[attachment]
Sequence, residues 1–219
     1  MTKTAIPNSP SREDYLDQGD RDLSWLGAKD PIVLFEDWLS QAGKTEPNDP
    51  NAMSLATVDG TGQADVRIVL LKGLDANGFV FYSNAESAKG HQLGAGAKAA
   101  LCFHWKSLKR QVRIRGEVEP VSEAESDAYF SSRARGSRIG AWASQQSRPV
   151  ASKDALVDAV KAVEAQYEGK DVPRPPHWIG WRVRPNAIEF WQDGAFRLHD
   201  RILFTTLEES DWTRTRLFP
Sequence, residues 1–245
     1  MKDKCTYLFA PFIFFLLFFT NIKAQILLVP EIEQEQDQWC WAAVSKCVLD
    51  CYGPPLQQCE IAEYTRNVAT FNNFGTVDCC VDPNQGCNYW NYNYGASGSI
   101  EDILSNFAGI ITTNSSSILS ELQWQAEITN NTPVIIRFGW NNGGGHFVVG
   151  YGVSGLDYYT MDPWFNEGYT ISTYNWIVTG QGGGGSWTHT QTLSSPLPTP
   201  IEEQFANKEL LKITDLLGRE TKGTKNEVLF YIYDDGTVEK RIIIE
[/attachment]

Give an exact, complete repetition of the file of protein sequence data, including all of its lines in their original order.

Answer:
Sequence, residues 1–219
     1  MTKTAIPNSP SREDYLDQGD RDLSWLGAKD PIVLFEDWLS QAGKTEPNDP
    51  NAMSLATVDG TGQADVRIVL LKGLDANGFV FYSNAESAKG HQLGAGAKAA
   101  LCFHWKSLKR QVRIRGEVEP VSEAESDAYF SSRARGSRIG AWASQQSRPV
   151  ASKDALVDAV KAVEAQYEGK DVPRPPHWIG WRVRPNAIEF WQDGAFRLHD
   201  RILFTTLEES DWTRTRLFP
Sequence, residues 1–245
     1  MKDKCTYLFA PFIFFLLFFT NIKAQILLVP EIEQEQDQWC WAAVSKCVLD
    51  CYGPPLQQCE IAEYTRNVAT FNNFGTVDCC VDPNQGCNYW NYNYGASGSI
   101  EDILSNFAGI ITTNSSSILS ELQWQAEITN NTPVIIRFGW NNGGGHFVVG
   151  YGVSGLDYYT MDPWFNEGYT ISTYNWIVTG QGGGGSWTHT QTLSSPLPTP
   201  IEEQFANKEL LKITDLLGRE TKGTKNEVLF YIYDDGTVEK RIIIE